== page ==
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Electrostatics and velocity question

  1. Jun 2, 2012 #1
    1. The problem statement, all variables and given/known data
    Electric field given by the vector [itex]\vec{E}=x\hat{i}+y\hat{j}[/itex] is present in xy plane. A small ring carrying charge +Q, which can freely slide on a smooth non conducting rod, is projected along the rod from point (0,L) such that it can reach the other end of the rod. What minimum velocity should be given to the rod? (Assume zero gravity).

    2. Relevant equations

    3. The attempt at a solution
    I tried finding the change in potential, finding the work done and equating the work done to kinetic energy. Let's assume that it moves a very small displacement dr as shown in the figure.
    It will have components dx[itex]\hat{i}[/itex] and -dy[itex]\hat{j}[/itex].
    Change in potential, ΔV

    where u is the velocity with which ring is projected.
    Solving this i get,

    But this is wrong, the answer is

    I don't understand where i am doing wrong.
    Any help is appreciated. :smile:
  2. jcsd
  3. Jun 2, 2012 #2


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    dr =dxi+dyj regardless of the direction of the of the path.

  4. Jun 2, 2012 #3
    But then i get ΔV=0. :confused:
  5. Jun 2, 2012 #4


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    Yes. The change of potential is zero between the initial and final points, but it has a maximum somewhere in between. The kinetic energy has to overcome that maximum potential.
    Think: You stand at a fence and you want to throw a ball over the other side. . How much must be the kinetic energy of the ball? You can not say that it is PE(f)-PE(i)=0...

  6. Jun 2, 2012 #5
    Is that maximum potential point at (L/2,L/2) ?
  7. Jun 2, 2012 #6
    The field is radial so the potential difference between (0,L) and (L,0) will be 0. However. along the path, the ring will gain potential energy until it is at it's nearest to the origin and then lose it. So take the potential difference between (0,L) and where the ring is nearest the origin in a similar approach as you did.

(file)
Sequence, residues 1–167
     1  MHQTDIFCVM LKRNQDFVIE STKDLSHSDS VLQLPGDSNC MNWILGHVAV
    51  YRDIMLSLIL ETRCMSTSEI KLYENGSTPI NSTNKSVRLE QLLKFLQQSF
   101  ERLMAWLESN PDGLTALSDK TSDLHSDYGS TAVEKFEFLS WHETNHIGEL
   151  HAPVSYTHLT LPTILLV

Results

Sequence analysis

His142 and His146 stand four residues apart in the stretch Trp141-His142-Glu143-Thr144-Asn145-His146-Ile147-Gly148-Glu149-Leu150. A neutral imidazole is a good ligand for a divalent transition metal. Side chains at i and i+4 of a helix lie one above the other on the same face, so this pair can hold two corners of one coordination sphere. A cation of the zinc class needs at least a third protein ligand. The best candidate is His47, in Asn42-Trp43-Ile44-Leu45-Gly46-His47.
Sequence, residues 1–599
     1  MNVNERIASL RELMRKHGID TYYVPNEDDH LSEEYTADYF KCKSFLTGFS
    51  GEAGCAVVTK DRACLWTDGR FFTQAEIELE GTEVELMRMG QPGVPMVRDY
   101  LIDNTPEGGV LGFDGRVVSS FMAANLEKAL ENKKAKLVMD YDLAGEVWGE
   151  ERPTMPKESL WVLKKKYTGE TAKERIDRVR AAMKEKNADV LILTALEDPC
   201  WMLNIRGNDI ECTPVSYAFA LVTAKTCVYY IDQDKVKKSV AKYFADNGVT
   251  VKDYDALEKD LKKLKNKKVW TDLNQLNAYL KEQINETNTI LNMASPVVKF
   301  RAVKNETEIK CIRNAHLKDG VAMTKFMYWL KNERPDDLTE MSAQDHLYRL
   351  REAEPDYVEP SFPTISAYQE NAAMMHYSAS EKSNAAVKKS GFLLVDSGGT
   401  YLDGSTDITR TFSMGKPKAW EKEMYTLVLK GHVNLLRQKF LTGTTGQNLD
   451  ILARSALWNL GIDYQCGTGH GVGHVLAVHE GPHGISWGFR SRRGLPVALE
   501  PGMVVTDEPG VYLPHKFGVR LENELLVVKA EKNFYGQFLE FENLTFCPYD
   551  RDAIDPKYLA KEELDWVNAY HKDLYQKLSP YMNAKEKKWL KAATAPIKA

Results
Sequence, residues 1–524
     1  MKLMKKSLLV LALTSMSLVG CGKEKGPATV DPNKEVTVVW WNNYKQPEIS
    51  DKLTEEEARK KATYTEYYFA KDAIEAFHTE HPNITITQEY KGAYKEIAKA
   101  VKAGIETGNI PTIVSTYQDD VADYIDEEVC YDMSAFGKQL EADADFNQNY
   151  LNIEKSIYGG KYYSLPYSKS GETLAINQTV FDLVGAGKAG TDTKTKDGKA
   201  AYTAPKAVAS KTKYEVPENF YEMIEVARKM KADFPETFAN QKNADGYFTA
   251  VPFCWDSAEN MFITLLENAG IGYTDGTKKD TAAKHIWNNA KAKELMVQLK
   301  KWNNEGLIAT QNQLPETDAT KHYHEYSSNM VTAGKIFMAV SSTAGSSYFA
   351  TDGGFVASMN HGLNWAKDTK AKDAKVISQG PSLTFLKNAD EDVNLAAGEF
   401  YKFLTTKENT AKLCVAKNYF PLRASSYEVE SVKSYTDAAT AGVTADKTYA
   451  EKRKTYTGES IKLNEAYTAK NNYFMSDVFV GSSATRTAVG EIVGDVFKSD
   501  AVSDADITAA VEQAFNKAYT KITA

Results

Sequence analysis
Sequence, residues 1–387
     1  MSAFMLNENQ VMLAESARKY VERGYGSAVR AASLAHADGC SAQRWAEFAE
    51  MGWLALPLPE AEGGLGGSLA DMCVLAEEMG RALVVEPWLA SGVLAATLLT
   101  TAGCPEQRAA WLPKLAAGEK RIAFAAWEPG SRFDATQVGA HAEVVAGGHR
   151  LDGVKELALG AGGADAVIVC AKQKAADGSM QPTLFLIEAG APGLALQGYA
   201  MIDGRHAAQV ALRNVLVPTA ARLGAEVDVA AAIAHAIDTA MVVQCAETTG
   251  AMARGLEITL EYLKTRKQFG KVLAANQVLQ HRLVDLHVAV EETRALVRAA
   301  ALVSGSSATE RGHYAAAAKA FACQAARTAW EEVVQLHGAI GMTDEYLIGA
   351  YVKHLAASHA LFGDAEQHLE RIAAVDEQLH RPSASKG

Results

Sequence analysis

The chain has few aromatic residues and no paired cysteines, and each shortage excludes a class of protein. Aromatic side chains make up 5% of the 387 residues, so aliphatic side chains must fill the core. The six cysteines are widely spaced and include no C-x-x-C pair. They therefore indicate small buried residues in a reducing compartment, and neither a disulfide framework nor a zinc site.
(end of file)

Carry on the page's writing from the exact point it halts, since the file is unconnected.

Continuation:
8. Jun 2, 2012 #7
    The nearest point would be then (L/2,L/2).

    Okay so i do the integration again.

    Solving this i get:

    But i don't think this is correct. It doesn't lead to the right answer.
  9. Jun 2, 2012 #8


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    NO. Find it. Write up the potential along the path as function of the distance from the initial point, and find the local maximum.

    Last edited: Jun 2, 2012
  10. Jun 2, 2012 #9
    Local maximum? How should i go on finding it?
    I don't have any equation to perform differentiation. Just a shot in the dark, do i have to use the following equation and set the derivative to zero?

  11. Jun 2, 2012 #10
    Never mind my previous post ehild, i just read your post carefully.
    How can i write the potential as a function of distance from initial point? Should i assume that the ring reaches a point (x,y), find the distance?

    (I double posted just to let ehild know that there's activity in this thread.)
  12. Jun 2, 2012 #11


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    You need the maximum along the straight line from (0,L) to (L,0). If s is the distance from the initial point, x=s/√2 and y=L-s/√2. Write the potential energy in terms of s.

  13. Jun 2, 2012 #12
    I am lost here, i have no idea on this. I hope i am not annoying you. :uhh:
  14. Jun 2, 2012 #13


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    The point charge moves along the blue line. The equation of that line is y=L-x. If the point has started from the upper end, and travelled s distance, it is in point x,y: x=s/√2 (as the line encloses 45°angle with the x axis) and y=L-s/√2.
    You derived already that the potential is -1/2(x^2+y^2) with respect to the origin as reference point. In terms of s , it is
    V=(-1/2) [(s/√2)2+(L-s/√2)2].

    The maximum is when s=L/√2, and this corresponds to the point (L/2;L/2) as you wrote before. The potential is -L^2/4, but you need the change of potential from point (0,L), where it is -L^2/2. The difference is ΔV=L^2/4. You get the same result with integrating along the line from (0,L) to (L/2;L/2); you made simply a sign error in post #7.


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    Last edited: Jun 2, 2012
  15. Jun 2, 2012 #14
    Thanks for the help! :smile:
    Simplifying the expression you gave me,
    To find the maximum, we need to set the derivative equal to zero, am i right?

    Therefore x=L/2 and y=L/2. I am afraid that i have done something wrong because these are the same points i stated before.

    EDIT:Oops, you edited your post.
  16. Jun 2, 2012 #15


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    Yes, and (L/2;L/2 was correct, I made some mistakes, too, sorrrrrrry....

    Have you got the correct result at last?

  17. Jun 2, 2012 #16
    Yes you are right, i did a mistake while integrating. Thanks for all the help ehild! :smile:
    I have got the right answer.
    It was really fun.
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